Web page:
Oh, Sell Me a Home


When residents took over the management of Cleveland's Lakeview Terrace housing project, most observers thought they were in over their heads. After all, a bunch of welfare mothers couldn't possibly have the skills to run public housing. But the tenants proved everyone wrong. They cleaned up the project, collected rents, and improved security in one of the city's worst complexes. (See "Revolution in the Projects," July.)

Now the tenants' association and a private developer have teamed up to refurbish the slums surrounding the project. Tenant managers and the owners of the nearby Nautica entertainment complex will repair 3,000 housing units in and around Lakeview Terrace. Developers promise that current residents' rents won't go up and that some of the new units will be reserved for low-income people. The rest will be sold or rented at market rates to families of any income. Developers are convinced that the area—near the waterfront and Cleveland's bustling downtown—can attract middle-class families once it is renovated.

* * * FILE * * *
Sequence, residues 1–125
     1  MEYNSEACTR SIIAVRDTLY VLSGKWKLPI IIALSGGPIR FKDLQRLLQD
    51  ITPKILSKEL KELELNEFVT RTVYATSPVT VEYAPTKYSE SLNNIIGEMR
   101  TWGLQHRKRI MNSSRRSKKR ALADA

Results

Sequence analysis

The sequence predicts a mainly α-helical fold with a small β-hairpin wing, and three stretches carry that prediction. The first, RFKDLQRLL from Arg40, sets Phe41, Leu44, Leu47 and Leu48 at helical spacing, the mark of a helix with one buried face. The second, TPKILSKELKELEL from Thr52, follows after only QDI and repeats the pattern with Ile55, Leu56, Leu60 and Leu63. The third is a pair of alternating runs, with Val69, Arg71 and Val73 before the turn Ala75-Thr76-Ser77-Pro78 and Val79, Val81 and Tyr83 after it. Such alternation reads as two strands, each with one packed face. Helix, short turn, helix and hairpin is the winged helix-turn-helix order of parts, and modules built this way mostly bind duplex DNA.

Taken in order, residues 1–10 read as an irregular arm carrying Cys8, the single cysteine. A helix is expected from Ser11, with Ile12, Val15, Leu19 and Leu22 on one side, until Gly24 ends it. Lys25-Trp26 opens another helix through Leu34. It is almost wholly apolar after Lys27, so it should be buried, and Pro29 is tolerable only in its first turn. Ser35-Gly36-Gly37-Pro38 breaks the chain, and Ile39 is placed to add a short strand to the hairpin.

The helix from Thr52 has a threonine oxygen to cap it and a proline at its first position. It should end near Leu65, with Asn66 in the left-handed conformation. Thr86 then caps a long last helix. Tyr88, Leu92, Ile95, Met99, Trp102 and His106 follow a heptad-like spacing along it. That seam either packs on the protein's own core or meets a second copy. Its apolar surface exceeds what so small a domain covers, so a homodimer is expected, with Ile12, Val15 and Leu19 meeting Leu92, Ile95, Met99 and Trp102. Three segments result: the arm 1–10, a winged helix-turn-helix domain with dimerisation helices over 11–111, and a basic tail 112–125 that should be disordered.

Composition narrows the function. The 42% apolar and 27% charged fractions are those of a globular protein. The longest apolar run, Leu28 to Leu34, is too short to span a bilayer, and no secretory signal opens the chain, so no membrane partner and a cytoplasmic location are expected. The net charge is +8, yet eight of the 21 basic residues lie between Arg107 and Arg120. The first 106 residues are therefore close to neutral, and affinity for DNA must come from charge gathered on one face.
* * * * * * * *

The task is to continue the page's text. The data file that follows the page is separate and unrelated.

If local housing authorities okay the plan, the tenant association will be co-owner of the new units. The association's share of the profits will fund social services and job-training programs for residents.

"Public housing doesn't work," developer Jeffrey P. Jacobs told the Cleveland Plain Dealer. "The tenants have something—that site—that they can turn into something because of the fact that it's near the water and near the downtown. And we have the development skills to do it."